Helping the planet can also boost the bottom line, says an executive at super-green -- and highly profitable -- Patagonia. Here's how.
FORTUNE -- Dear Annie: My company is putting the finishing touches on our plans and goals for 2013, and my boss, who runs the division where I am a brand manager, has given me a big, vague assignment: Make our business run "greener" in the year ahead. This will MOREAnne Fisher, contributor - Dec 14, 2012 11:09 AM ET
Bonuses at many companies this year are likely to be lackluster. Next year is looking even tougher. By Anne FisherAnne Fisher, contributor - Dec 5, 2012 10:38 AM ET
He's a pro-customer, tightfisted risk-taker who is conditioning Wall Street to embrace his erratic earnings. If you're running a business with high margins -- watch out.
By Adam Lashinsky, senior editor-at-large
FORTUNE -- Jeff Bezos likes to read. That's a dog-bites-man revelation if ever there was one, considering that Bezos is the cerebral founder and chief executive of a $100 billion empire built on books. More revealing is that the Amazon MORENov 16, 2012 5:00 AM ET
Musicians and athletes do it, so should workers of all stripes. How to introduce practicing to the office.
By Laura Vanderkam
FORTUNE -- Musicians practice. Athletes practice. They practice because they want to get better at what they do. You'd like to get better at what you do, too. But if your organization is like most, the word "practice" seldom comes up in anything beyond a discussion of kids' after school MORENov 13, 2012 12:20 PM ET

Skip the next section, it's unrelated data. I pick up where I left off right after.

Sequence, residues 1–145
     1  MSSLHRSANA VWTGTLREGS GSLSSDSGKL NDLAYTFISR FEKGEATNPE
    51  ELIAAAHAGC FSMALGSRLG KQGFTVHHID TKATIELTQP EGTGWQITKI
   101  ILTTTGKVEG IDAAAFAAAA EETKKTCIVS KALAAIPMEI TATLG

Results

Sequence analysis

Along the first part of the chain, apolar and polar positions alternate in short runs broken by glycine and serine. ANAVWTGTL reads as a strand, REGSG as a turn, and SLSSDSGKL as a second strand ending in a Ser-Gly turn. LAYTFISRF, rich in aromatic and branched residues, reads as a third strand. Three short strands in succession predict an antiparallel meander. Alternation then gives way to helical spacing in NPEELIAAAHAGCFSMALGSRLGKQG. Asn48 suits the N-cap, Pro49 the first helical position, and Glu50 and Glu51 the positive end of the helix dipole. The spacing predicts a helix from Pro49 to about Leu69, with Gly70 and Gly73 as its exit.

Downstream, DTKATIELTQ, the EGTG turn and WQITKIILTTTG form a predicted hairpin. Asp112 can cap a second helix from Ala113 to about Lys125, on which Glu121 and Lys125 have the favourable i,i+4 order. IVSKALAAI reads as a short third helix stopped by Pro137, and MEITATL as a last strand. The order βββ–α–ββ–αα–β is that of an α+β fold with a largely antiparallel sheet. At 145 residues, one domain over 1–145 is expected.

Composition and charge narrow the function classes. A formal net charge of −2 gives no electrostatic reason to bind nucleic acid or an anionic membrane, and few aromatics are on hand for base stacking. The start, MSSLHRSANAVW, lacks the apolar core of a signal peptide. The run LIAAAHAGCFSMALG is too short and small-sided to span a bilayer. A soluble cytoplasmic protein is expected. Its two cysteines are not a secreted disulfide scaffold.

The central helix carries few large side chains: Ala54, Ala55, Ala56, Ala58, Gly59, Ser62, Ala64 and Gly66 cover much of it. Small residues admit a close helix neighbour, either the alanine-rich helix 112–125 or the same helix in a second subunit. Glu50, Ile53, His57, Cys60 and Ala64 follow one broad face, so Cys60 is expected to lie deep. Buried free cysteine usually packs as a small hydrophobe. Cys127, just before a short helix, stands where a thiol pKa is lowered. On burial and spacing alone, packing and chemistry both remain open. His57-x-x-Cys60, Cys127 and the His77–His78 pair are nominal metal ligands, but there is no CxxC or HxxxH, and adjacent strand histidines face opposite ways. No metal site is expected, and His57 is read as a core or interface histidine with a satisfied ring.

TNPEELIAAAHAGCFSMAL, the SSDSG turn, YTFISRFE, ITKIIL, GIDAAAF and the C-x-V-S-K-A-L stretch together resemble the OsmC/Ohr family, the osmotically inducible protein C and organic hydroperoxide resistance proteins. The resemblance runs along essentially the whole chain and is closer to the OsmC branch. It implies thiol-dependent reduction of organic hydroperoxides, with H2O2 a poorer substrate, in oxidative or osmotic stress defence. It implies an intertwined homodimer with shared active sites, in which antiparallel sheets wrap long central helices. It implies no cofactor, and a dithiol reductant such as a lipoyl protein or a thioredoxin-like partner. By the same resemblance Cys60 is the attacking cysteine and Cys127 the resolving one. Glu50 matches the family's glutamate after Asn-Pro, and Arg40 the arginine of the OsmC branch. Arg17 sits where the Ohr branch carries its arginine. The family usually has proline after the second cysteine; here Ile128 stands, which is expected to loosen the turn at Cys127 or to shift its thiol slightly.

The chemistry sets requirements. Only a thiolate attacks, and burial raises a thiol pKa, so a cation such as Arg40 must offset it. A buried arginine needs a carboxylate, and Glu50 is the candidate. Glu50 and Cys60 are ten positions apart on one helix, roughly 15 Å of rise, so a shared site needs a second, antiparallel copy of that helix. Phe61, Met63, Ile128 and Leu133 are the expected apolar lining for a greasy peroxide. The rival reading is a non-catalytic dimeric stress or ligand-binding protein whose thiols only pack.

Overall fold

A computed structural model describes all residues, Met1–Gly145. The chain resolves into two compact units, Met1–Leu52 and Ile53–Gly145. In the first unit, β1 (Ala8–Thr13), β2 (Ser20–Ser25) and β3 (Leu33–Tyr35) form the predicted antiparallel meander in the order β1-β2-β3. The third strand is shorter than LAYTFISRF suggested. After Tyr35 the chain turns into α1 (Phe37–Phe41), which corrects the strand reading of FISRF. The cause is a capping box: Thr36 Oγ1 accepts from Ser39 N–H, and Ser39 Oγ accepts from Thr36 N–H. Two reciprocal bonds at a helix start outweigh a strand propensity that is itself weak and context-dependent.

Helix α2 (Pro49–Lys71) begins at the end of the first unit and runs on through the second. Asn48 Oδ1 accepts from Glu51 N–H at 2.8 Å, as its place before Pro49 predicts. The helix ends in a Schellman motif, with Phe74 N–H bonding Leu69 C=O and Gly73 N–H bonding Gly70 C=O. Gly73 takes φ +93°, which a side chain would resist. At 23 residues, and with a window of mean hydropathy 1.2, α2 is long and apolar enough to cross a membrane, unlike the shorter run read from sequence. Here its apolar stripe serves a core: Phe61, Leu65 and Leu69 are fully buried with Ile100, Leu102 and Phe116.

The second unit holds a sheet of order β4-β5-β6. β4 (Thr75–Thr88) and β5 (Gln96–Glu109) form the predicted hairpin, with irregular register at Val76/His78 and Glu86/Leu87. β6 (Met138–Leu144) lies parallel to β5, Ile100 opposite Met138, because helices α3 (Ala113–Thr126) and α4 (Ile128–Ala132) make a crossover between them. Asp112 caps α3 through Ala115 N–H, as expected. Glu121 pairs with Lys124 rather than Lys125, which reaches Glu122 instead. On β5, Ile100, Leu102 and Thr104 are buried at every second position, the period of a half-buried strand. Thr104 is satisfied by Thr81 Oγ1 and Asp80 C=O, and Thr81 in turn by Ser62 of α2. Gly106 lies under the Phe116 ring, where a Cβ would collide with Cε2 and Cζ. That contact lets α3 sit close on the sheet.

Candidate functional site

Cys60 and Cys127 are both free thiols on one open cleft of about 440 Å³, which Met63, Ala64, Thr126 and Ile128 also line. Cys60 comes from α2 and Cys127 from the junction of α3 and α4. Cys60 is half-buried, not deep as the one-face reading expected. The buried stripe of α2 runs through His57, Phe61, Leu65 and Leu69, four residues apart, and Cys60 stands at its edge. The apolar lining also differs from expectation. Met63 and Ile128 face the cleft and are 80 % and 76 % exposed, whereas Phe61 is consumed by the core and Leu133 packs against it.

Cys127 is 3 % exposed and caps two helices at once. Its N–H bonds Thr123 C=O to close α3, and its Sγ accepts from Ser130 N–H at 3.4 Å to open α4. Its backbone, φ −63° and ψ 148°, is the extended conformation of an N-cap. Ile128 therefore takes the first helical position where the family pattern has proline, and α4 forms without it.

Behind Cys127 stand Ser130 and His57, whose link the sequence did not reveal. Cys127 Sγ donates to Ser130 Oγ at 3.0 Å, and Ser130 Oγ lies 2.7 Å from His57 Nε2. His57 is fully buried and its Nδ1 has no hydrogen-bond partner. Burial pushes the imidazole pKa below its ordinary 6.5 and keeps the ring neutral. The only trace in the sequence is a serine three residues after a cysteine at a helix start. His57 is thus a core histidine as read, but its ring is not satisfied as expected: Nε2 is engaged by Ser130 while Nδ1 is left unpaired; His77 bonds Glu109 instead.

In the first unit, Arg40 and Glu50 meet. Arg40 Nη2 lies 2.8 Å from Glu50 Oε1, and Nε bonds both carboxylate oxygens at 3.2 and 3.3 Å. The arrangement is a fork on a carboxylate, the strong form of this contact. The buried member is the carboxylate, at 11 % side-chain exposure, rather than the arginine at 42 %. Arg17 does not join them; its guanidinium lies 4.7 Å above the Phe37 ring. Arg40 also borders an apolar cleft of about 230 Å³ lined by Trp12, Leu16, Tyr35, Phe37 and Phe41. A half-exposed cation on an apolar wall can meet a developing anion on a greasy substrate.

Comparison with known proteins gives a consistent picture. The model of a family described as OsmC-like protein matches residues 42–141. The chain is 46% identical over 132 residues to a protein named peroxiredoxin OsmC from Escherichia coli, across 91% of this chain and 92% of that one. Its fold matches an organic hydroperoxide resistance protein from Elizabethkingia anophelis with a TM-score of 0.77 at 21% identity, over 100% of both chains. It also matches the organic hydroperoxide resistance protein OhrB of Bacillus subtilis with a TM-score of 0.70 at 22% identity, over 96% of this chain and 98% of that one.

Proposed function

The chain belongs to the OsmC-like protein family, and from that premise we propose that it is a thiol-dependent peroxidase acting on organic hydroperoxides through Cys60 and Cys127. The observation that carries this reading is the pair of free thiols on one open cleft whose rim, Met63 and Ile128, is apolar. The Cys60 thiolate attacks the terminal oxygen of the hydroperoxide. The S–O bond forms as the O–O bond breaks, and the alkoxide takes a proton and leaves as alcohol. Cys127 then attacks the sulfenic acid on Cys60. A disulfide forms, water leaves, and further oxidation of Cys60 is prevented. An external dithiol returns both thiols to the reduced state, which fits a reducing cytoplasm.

Want to know how Bill Gates thinks about creativity, or which business decisions Sir Richard Branson regrets? Two new books will tell you.
FORTUNE -- "People do play computer games at work, but they also doodle with pencils. Do you take away their pencils? That's not the way a modern workforce is managed. You've got to trust people."
So said Microsoft's (MSFT) chairman in 1996, according to Impatient Optimist: Bill Gates in MOREAnne Fisher, contributor - Oct 17, 2012 10:19 AM ET
Even in this sluggish job market, your best people always have other offers. Here's how to entice them to stick around.
Dear Annie: I liked your column about the art of quitting gracefully, but unfortunately several of my most talented and experienced direct reports seem to have read it, too. Three of them have quit (gracefully) in the past three weeks, and certain others seem less enthusiastic about their jobs than MOREAnne Fisher, contributor - Sep 13, 2012 11:06 AM ET
The number of people reporting workplace misconduct is on the rise, and so is retaliation against them. But you can do the right thing without jeopardizing your career. By Anne FisherAnne Fisher, contributor - Sep 7, 2012 10:13 AM ET
Management by walking around, popularized back in the '80s, may be making a comeback. One reason: For building rapport among team members, it beats emailing from behind closed doors.
Dear Annie: My company did a round of 360-degree performance evaluations recently — the first time we've done this since I was promoted to management two years ago. The team of about 30 people reporting to me all had positive things MOREAnne Fisher, contributor - Aug 23, 2012 12:37 PM ET
Deferred compensation is costly and cumbersome, yet may not do much to motivate senior management, says a new study. By Anne FisherAnne Fisher, contributor - Jul 25, 2012 10:18 AM ET
Managers often fall victim to good ideas poorly executed and positive intentions inadequately expressed. How to avoid this sort of management fiasco. By Jill GeislerJun 5, 2012 9:27 AM ET
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